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Avoiding US dividend taxes for Canadians


beerbaron
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I have never realized that Canadians get taxed 15% for US dividends and that the dividends must be treated as interests (All my previous investments were in my RRSP).

 

http://www.ctv.ca/generic/generated/static/business/article1580827.html

 

Besides using your RRSP how are you guys manage to avoid the 15% and interest treatment?

 

It seems unfair to me that a Mutual Fund can invest however it wants and transfer the dividends without taxes and that an individual gets different treatment.

 

BeerBaron

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The answer is in the article:

 

"But the 15-per-cent withholding tax would qualify for a foreign tax credit on your Canadian return. So, for most investors, the net result is that U.S. dividends held in a non-registered account will be taxed at the same rate as interest income. "

 

Dividends you receive from U.S. corporations will be considered foreign income and as mentioned, taxed at the same rate as interest income. The 15% will be reimbursed to you in full on line 405 or your Federal tax return.

 

It still remains more advantageous to receive Canadian dividends than U.S. ones due to the tax credit on Canadian dividends. However, sometimes you have to buy some U.S. stocks because they are more attractive. The tax difference on the dividends is a consideration for your overall rate of return calculation, but has never been enough of a factor to detract me from going ahead and buying a U.S. stock.

 

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Quick question, is there anything special I need to do to be reimbursed in full on line 405 or your federal tax return?  I file my taxes myself and I never knew there was a way to receive a reimbursement of the withholding tax... Please elaborate!  :) 

 

 

Dividends you receive from U.S. corporations will be considered foreign income and as mentioned, taxed at the same rate as interest income. The 15% will be reimbursed to you in full on line 405 or your Federal tax return.

 

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You have to file this form, attach to your return and then enter the amount on line 405 which will match the amount of foreign tax (the 15%) that was withheld in your brokerage account. There are special cases where the 15% will not be reimbursed entirely, but not for what you are describing.

 

http://www.cra-arc.gc.ca/E/pbg/tf/t2209/t2209-09e.pdf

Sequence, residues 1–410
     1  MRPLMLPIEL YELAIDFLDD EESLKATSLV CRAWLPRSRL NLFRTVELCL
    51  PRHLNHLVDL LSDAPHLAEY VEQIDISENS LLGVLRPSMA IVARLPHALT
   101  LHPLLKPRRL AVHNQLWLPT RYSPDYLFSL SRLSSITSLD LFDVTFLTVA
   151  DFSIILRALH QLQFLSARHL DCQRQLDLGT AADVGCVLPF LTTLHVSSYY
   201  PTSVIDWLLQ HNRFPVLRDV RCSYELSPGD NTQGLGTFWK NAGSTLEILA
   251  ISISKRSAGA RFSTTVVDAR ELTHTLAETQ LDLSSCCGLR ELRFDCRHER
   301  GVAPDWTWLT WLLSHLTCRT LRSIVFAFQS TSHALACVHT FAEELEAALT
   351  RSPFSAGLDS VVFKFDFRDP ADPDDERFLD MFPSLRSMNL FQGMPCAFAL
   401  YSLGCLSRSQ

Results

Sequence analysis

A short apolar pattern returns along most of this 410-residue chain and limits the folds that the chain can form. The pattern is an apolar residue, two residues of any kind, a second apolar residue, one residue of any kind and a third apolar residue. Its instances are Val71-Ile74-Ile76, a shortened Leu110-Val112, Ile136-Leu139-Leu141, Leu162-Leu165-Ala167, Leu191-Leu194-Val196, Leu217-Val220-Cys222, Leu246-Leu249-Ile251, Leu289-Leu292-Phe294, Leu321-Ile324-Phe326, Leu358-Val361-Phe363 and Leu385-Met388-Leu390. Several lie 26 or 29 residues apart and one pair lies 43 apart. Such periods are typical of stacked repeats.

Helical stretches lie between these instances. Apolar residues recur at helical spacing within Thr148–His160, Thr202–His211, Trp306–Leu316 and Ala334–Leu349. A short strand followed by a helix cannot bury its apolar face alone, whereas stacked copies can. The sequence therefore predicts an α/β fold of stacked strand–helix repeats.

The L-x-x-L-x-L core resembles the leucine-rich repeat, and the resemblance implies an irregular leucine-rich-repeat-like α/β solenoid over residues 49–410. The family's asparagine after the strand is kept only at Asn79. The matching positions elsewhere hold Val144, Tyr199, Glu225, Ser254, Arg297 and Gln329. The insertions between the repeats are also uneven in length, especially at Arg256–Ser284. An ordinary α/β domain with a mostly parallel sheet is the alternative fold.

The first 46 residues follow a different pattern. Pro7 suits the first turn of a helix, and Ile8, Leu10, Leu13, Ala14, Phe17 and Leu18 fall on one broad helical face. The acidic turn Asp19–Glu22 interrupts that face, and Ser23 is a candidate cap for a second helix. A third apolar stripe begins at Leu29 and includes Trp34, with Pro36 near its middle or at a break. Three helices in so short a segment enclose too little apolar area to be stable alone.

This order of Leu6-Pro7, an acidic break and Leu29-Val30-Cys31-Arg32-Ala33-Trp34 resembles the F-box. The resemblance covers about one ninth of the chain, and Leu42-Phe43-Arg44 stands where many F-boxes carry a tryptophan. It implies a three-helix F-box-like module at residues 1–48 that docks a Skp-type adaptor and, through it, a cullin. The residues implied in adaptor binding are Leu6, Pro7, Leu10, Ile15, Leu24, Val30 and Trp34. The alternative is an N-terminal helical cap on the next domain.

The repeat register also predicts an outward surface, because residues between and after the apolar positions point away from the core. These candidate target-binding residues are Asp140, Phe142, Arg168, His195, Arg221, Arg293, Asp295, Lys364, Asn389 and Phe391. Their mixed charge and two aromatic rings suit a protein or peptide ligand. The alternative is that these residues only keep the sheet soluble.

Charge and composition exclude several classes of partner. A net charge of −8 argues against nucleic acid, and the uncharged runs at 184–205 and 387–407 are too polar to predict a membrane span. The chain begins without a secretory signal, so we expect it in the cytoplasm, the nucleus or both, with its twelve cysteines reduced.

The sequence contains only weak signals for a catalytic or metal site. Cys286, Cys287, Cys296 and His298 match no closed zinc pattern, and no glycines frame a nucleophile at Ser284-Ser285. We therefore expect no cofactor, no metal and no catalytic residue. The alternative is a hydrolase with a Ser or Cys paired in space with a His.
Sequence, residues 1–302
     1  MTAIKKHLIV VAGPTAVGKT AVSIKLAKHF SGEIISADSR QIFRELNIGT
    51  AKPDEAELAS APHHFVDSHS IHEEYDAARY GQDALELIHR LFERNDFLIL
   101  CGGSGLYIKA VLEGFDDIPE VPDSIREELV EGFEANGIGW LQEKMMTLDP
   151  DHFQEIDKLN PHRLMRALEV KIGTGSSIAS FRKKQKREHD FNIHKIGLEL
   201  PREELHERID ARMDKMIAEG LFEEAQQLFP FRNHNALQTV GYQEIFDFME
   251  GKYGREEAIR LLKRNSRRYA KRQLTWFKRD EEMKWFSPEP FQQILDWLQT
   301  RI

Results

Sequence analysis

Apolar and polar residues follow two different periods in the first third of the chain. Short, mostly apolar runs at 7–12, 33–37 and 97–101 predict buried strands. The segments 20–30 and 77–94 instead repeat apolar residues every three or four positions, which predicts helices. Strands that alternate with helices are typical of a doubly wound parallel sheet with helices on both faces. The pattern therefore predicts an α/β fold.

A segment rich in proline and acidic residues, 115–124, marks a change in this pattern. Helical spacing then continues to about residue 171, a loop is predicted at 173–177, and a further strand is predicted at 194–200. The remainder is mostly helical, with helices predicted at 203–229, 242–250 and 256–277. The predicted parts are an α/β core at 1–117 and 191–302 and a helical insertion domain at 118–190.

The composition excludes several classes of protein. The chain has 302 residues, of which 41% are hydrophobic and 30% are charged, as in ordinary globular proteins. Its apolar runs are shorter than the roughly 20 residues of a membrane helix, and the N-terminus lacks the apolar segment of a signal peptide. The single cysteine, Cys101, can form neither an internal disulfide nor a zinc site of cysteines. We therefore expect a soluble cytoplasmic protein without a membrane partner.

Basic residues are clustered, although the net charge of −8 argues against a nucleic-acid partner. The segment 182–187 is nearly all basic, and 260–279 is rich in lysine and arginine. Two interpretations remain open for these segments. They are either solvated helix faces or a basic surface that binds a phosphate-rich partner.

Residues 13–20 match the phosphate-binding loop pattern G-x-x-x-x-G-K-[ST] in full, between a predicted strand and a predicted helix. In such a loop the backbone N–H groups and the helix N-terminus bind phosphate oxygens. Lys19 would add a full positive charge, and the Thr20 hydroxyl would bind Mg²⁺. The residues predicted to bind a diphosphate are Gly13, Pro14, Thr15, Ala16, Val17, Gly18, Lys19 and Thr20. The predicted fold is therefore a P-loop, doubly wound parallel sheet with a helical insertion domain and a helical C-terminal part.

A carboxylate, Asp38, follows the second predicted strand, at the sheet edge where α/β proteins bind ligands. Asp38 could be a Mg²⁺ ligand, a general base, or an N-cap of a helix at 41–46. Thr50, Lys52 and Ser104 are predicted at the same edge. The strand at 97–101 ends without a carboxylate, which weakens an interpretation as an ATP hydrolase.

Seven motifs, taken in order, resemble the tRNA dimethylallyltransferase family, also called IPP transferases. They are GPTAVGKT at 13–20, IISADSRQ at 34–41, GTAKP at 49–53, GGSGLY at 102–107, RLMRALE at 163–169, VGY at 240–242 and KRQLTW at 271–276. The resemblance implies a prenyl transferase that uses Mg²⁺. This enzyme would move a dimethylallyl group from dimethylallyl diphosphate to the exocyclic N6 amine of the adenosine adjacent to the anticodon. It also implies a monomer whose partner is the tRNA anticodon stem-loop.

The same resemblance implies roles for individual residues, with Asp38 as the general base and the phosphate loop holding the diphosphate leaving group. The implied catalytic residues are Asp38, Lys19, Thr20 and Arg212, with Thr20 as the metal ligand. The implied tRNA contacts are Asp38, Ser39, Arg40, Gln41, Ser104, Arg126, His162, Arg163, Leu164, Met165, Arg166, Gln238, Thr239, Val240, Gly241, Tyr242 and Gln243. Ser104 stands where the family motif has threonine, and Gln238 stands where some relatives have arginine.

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I have never realized that Canadians get taxed 15% for US dividends and that the dividends must be treated as interests (All my previous investments were in my RRSP).

 

http://www.ctv.ca/generic/generated/static/business/article1580827.html

 

Besides using your RRSP how are you guys manage to avoid the 15% and interest treatment?

 

It seems unfair to me that a Mutual Fund can invest however it wants and transfer the dividends without taxes and that an individual gets different treatment.

 

BeerBaron

 

Buy BRK....it doesn't pay a dividend.

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Instead of buying the shares, one can write cash-covered deep-in-the-money puts on certain stocks that you intend to own for at least the period of time as the contract.  The options market will generally roll the expected dividends into the options premium -- so you are effectively converting the dividend payments of up to the first couple of years of ownership into capital gains (you get assigned the shares when they get put to you, but no tax is due until the shares are sold).

 

There are potential limitations though (like the stock runs up too far and you don't get assigned but instead owe capital gains tax).  Depends on how deep-in-the-money the contract is.

 

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Hold a global dividend &/or bond fund. Sell out the position around mid-late Dec, & buy it back 32 days later. The fund administrator/broker will scream, but keep in mind that they actually work for you ..... the 'investor'.

 

Witholding liabilities incurred by the fund over the entire year, are typically spread over all unit holders as at year-end, with each unit holder receiving a hit on their tax forms. If you're not there at year-end there's no hit, & if you re-buy > 30 days there is no frequent trading penalty. Target a smaller (& often US) fund with weaker support systems, & in most cases you'll also get full fund value for the dividend (vs 85%).

 

Of course it is not fair, but very little about a funds administration is actually fair.

ie: Soft $ comp on deal flow to brokers, legal, etc.

 

SD

 

 

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